In my men’s group one day, the facilitator challenged me on my anger. He asked me to close my eyes and said that he would say things that would make me angry but that I should not react, just stay with the emotions. He began to speak and I found the anger building, my knuckles clenched and my jaw tightened. He continued and I began to shake. After a few minutes (and it may have been much less than that) I started to cry and it wasn’t just a few tears, it was uncontrollable as the years of sadness that I’d been hiding behind my anger came out.
This couldn’t have happened had there been women present for two good reasons. Number one, and the main reason, is that I wouldn’t have let my guard down in front of females. And number two is safety. The facilitator probably wouldn’t have tried this just in case I lashed out. So this is one example but there are many subjects that men need a safe space to talk in.
Reach out if you are worried about your mental health. Connect with friends and talk about your concerns. Don’t let it build up until it becomes unmanageable. There is help out there.
And if you are worried about someone else
Let them know you are there for them and keep in touch, listen without judgement.
Encourage them to get help from their GP or find a men’s group in your area
Good sleep is vital to good mental and physical health
Sleep is essential for maintaining good health. The odd sleepless night may affect your whole day, but consistently not getting enough sleep can have a serious impact on your mental health. It can affect your ability to concentrate and make good decisions. It can make you irritable and impatient. It can cause anxiety and depression and increase your chances of other mental health conditions. Conversely, having poor mental health can lead to problems with sleep. It can become a never ending cycle.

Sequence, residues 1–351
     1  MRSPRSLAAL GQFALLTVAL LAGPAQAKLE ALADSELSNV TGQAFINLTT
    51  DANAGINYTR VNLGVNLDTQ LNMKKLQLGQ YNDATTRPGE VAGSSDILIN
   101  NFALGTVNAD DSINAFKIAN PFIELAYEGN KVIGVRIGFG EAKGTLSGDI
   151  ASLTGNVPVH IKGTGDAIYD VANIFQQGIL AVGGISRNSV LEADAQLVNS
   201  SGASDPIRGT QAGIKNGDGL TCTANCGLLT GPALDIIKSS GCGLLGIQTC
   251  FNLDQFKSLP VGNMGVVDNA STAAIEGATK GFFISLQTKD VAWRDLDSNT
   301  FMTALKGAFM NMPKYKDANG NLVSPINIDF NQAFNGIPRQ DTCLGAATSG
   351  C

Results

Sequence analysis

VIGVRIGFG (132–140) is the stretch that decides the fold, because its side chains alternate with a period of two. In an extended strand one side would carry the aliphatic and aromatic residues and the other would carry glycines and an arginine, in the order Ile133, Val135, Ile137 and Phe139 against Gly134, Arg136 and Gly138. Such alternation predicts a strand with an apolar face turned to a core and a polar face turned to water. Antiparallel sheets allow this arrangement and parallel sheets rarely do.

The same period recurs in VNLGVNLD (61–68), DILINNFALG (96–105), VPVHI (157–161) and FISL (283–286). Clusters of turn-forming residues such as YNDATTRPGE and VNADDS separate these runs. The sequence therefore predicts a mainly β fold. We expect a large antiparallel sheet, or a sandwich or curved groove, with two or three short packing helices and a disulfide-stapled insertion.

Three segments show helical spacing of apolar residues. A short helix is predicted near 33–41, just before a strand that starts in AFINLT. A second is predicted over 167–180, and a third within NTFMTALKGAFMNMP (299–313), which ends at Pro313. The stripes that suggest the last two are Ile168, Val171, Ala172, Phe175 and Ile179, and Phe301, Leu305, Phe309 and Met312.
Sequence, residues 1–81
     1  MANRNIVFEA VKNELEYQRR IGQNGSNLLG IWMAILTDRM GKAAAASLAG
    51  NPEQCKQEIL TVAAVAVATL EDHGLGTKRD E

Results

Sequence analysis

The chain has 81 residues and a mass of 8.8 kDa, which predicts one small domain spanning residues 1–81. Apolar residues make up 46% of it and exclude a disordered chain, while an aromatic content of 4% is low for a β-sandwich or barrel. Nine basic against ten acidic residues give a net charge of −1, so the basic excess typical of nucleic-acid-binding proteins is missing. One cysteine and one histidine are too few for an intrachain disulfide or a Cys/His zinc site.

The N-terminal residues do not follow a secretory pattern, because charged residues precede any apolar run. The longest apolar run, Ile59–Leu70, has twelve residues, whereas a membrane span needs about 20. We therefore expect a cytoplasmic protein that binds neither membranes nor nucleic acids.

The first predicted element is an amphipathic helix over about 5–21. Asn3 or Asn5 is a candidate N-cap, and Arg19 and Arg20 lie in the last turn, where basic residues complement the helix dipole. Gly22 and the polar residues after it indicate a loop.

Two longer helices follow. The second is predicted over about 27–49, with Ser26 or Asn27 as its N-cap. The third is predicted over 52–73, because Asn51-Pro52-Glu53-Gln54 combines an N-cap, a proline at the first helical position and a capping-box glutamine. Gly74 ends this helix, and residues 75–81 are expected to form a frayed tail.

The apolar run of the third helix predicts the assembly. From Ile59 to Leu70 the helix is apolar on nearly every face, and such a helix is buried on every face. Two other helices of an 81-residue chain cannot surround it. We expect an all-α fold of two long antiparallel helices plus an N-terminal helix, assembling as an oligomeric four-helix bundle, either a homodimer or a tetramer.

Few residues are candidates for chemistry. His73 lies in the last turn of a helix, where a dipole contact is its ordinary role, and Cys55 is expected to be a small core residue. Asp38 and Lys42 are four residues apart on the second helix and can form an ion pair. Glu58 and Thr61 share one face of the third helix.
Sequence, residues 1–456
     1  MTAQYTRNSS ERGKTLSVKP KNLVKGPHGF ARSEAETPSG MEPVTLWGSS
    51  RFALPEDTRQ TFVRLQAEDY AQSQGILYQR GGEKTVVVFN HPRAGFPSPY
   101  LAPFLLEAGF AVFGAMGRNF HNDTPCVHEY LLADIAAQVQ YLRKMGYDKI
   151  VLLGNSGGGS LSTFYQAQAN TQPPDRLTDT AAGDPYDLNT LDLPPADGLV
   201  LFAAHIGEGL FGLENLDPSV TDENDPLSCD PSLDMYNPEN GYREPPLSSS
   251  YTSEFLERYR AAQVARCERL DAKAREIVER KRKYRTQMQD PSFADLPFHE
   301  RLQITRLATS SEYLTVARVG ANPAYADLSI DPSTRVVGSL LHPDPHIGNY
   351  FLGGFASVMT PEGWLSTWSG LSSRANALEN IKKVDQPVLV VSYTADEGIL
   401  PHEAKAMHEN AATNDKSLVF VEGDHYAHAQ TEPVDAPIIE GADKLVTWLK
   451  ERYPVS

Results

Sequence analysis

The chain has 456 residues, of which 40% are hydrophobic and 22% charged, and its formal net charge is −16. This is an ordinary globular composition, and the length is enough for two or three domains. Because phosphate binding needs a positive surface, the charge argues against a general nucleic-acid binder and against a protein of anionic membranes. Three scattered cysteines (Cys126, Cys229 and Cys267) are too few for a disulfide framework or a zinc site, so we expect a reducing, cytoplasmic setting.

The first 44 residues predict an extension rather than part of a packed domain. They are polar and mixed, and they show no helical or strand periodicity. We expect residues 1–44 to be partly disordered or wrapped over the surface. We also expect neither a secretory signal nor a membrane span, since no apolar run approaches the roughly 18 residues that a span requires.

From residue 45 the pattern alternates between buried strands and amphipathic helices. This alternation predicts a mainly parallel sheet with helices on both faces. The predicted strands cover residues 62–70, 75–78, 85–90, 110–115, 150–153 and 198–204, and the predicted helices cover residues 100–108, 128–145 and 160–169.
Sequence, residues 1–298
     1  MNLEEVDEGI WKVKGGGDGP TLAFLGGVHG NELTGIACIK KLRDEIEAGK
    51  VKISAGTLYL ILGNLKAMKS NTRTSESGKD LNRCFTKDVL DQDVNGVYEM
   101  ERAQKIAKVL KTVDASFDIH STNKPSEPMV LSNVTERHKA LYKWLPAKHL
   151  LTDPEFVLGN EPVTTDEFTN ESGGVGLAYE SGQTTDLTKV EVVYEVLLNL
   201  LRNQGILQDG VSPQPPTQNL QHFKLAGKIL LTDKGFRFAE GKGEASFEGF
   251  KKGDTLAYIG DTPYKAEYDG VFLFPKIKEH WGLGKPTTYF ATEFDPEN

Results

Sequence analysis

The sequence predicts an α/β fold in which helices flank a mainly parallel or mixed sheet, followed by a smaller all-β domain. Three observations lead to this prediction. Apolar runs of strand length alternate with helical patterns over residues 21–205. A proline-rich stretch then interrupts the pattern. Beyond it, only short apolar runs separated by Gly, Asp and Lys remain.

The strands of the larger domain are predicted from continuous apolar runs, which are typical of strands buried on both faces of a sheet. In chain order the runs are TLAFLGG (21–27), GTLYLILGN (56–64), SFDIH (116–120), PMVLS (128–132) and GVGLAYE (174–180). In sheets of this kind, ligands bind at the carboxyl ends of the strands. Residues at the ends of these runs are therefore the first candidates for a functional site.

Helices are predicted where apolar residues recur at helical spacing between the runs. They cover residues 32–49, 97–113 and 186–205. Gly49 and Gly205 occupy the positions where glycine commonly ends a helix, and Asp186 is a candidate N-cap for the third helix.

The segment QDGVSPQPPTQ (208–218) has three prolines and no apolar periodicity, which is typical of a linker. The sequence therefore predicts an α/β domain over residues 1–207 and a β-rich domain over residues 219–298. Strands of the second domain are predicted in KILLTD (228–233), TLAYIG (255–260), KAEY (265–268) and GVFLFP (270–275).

In my work as a yoga teacher and yoga therapist, one of the main ways I’ve been able to help people is by helping them to sleep and to sleep properly.
What do I mean by sleep properly?
It’s not just how much sleep we get, but the quality of that sleep. Some of us need more sleep than others but generally most people need between 7 and 9 hours of sleep per day. It’s normal to wake in the night, maybe to go to the loo, but if you can’t get back to sleep quickly, then you may not get enough rest. The golden rule is that you should awake feeling refreshed and ready for the day.
Many people, however, fall asleep exhausted and wake up feeling tired. This means that they’re not nourished from their sleep and they may rely on coffee or other stimulants to get through the day. Others may find it hard to get to sleep in the first place because of worry. Then if they do sleep it may only be for a couple of hours and they wake unable to fall asleep again. Some complain of grinding teeth, dental problems, headaches and pain in their jaw when they wake.